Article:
Thomas Randolph

Anonymous, in Retrospective Review 6 (1822) 63-64.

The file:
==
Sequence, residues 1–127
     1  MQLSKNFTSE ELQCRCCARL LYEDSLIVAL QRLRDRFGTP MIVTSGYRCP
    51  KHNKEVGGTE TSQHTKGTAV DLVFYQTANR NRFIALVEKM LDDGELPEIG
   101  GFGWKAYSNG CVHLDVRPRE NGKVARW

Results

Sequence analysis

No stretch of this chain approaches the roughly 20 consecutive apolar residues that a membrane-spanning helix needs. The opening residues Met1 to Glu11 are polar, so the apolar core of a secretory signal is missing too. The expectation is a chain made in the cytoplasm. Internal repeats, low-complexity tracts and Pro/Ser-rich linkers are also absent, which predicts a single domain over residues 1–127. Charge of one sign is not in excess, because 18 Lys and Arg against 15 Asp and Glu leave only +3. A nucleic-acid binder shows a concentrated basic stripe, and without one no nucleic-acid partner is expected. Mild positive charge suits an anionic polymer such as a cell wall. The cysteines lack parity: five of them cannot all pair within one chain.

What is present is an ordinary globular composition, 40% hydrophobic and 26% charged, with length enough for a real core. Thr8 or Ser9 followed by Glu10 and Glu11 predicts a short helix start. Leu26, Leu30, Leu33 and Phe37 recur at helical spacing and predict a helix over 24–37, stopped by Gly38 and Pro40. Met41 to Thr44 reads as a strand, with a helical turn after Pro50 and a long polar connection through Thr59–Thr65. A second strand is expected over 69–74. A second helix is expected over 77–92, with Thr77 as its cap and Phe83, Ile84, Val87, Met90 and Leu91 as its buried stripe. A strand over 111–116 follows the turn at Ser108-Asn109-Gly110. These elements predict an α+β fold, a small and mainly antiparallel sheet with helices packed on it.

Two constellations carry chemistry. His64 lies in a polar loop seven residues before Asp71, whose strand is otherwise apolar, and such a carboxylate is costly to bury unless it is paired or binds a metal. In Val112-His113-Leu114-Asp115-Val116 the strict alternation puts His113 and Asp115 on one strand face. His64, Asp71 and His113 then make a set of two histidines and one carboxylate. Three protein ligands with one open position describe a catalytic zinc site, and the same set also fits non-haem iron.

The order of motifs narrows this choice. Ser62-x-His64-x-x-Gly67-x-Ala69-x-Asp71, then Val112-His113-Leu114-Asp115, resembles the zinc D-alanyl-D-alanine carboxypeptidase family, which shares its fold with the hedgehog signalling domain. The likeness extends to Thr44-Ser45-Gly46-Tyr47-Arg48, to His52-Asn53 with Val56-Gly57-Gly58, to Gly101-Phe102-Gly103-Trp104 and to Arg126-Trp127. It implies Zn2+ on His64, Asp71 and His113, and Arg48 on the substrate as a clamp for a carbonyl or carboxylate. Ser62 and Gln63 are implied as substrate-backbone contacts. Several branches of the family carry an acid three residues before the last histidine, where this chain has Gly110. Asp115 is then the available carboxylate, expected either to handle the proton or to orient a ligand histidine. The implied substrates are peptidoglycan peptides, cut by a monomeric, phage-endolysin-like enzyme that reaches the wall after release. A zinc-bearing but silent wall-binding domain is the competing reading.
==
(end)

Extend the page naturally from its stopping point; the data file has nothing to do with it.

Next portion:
The poems speak for themselves. In listening to their voice, however, it should be remembered, that they appear without the stamp of authority, and are not entitled to be considered as undoubted testimonies of his poetical talent. He himself did not publish them, nor write them for publication, doubtless reserving himself for some effort worthy of his gifted muse. Such as they are, they bear evidence of a most varied and highly-endowed nature; for they are full of lively sallies of wit and fancy, deep learning, shrewd observations on man, and eloquent descriptions of passions. It is to be lamented that their only fault is one of very constant recurrence, which unfortunately casts a shade on too many of the productions of this writer's time. They are not only marked by a coarseness of language and plainness of expression, but too common among his contemporaries, but likewise indulge in warm and highly-coloured descriptions, and dwell upon themes of an indelicate nature. While we regret that our poet should have thus given the reins to a prurient imagination, it must be recollected that he intended the circulation of his poems to be limited, and that many were probably written in moments of elevation, and thrown aside, and forgotten until after his death, when they were raked together by his brother, for the purpose of publication. Being, however, disfigured by this blemish, and rendered unfit for general perusal, while at the same time there is much which is deserving of notice and admiration, they come precisely within the plan of our work, whose principle it is to rescue the remains of neglected genius from oblivion, and whose pride it will ever be, while it promotes the cause of literature, never to forget the interests of virtue and morality.